|1985-87||State repression and Tamil violence
intensify in the North and East resulting in all-out war
between the Sri Lankan state and Tamil liberation groups.
LTTE emerges as the dominant guerrilla group and effectively takes control of Jaffna peninsula
and other northern areas.
Thousands, mostly Tamils, die as fighting turns brutal, with non-combatants from both sides
systematically targeted, firstly by the Sri Lankan armed forces and then by Tamil guerrillas.
|1987||The Sri Lankan government launches
Operation Liberation to recapture the Jaffna peninsula.
A small float of Indian boats with food and medical supplies for Jaffna peninsula is turned back
by the Sri Lankan Navy. India airdrops food on Jaffna peninsula.
The Indo-Sri Lankan Peace Accord, agreeing on detailed proposals for provincial councils and
expediting the immediate deployment of an Indian Peace Keeping Force (IPKF) to enforce a
ceasefire, is signed without consulting the Tamil parties.
Tens of thousands of Indian troops arrive in Northeastern Sri Lanka as "Indian Peace Keeping
Initial surrender of arms by Tamil guerrilla groups.
Seventeen LTTE members, including two leaders, arrested by Sri Lankan Navy in violation of
the Peace Accord, and commit suicide.
Fighting breaks out between LTTE and IPKF.
Jaffna falls to IPKF, but fighting continues throughout the Tamil region.
Rise of Sinhala nationalist insurrection by JVP.
|1988||Government forces furiously combat the
JVP insurrection. Thousands of youths are killed or
disappeared,. causing widespread international protest.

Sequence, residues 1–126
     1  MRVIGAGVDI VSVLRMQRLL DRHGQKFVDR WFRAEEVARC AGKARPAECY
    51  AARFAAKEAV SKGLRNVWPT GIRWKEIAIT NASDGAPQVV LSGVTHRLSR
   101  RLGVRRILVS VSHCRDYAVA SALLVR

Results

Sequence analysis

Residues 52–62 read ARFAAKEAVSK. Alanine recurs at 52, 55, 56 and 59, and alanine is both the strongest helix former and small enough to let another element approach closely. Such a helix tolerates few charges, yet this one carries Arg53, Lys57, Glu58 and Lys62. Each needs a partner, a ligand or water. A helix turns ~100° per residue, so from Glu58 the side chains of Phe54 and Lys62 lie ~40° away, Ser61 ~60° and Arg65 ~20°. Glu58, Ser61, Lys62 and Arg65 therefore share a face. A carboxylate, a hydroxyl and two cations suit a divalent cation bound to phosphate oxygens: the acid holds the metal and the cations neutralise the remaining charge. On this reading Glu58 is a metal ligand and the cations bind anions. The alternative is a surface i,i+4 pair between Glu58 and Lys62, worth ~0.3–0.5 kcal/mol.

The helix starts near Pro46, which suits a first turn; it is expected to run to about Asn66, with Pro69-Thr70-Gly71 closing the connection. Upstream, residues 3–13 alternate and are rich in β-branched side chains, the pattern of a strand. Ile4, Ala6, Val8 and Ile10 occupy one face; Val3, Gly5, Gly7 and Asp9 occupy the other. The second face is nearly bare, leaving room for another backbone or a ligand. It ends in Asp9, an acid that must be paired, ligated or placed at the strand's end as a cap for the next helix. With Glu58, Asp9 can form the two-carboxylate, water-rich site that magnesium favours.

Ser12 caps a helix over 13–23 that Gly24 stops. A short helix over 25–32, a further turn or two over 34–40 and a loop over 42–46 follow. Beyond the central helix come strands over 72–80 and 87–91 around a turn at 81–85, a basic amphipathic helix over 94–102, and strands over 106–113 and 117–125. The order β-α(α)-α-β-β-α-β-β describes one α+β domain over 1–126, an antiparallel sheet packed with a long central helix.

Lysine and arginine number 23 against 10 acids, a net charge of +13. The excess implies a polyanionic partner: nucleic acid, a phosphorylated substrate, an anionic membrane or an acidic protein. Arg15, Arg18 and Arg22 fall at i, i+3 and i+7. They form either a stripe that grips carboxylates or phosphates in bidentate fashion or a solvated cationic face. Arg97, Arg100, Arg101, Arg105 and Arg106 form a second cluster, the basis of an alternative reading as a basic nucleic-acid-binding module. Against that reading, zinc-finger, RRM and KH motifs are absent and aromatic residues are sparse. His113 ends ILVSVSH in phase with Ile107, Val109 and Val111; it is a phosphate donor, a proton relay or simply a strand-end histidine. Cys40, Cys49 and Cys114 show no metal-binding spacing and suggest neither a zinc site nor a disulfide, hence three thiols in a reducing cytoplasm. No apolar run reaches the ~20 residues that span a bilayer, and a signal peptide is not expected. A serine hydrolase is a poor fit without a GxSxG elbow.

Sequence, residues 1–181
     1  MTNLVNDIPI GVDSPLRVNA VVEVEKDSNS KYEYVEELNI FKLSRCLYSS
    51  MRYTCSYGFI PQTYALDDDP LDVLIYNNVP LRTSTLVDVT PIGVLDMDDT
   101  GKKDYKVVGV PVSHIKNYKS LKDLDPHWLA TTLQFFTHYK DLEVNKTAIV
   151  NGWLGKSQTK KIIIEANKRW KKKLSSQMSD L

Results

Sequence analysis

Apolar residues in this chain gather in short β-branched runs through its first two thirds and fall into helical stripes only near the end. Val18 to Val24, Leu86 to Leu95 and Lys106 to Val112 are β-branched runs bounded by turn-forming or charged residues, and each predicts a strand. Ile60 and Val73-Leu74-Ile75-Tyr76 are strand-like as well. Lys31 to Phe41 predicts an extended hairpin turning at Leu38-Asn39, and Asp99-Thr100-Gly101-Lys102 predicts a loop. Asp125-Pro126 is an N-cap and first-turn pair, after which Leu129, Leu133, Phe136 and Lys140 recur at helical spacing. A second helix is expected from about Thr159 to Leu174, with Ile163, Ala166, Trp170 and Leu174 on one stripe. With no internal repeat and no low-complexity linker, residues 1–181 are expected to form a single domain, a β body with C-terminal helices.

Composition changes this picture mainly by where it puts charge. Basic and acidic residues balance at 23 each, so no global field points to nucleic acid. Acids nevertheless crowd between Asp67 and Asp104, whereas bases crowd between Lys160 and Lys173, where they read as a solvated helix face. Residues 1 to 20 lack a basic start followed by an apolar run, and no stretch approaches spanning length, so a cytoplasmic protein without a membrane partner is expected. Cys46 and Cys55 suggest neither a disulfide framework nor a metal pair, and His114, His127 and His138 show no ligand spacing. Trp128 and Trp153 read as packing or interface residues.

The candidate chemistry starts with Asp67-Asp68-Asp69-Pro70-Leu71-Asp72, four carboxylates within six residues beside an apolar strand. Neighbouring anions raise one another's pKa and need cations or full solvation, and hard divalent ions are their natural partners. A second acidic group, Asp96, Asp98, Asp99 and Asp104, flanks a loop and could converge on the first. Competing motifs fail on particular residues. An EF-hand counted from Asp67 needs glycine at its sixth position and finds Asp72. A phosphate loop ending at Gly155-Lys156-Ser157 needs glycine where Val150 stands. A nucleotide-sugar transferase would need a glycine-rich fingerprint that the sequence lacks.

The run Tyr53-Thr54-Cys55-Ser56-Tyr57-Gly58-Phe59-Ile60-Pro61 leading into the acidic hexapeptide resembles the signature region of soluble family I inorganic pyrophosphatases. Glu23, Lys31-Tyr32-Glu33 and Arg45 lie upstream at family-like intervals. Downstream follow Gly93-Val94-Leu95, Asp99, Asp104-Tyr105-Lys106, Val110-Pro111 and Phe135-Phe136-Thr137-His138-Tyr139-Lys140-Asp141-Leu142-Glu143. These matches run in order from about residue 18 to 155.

Assassination of Vijaya Kumaratunge, leader of United Socialist Alliance (USA), allegedly by
EPRLF assumes power in the Northeastern Provincial Council.
Ranasinghe Premadasa of UNP wins the presidential election, defeating Srimavo Bandaranaike
Sri Lankan President
Premadasa requests the Indian government withdraw its troops from
Lanka. JVP insurrection is brutally put down by the Government.
|1990||Withdrawal of IPKF from Sri
Lanka and the collapse of the Northeastern Provincial government.
Hostilities break out again between Sri Lankan forces and LTTE.
Assassination of former
Indian Prime Minister Rajiv Gandhi in Tamil Nadu by suspected LTTE
|1993||Top opposition politician
and former National Security minister Lalith Athulathmudali is
A week later, President Premadasa is killed in a suicide bomb attack. D. B. Wijetunge assumes Presidency.
LTTE leader calls for unconditional talks with the government, with a commitment to the federalisation of Sri Lanka, which is rejected by President Wijetunge.
|1994||People’s Alliance led by
Chandrika Kumaratunge wins Parliamentary elections. LTTE
unilaterally announces a temporary ceasefire to welcome the change
PA Government begins peace talks with LTTE in Jaffna. UNP’s Presidential candidate Gamini Dissanayake is assassinated at
an election rally.
Kumaratunge wins Presidential election with a landslide on a platform of "ending the war and
Government and LTTE sign
cessation of hostilities agreement.
More rounds of talks in Jaffna.
Government announces lifting of economic embargo on most items, but armed forces at the
border checkpoints continue to enforce the embargo.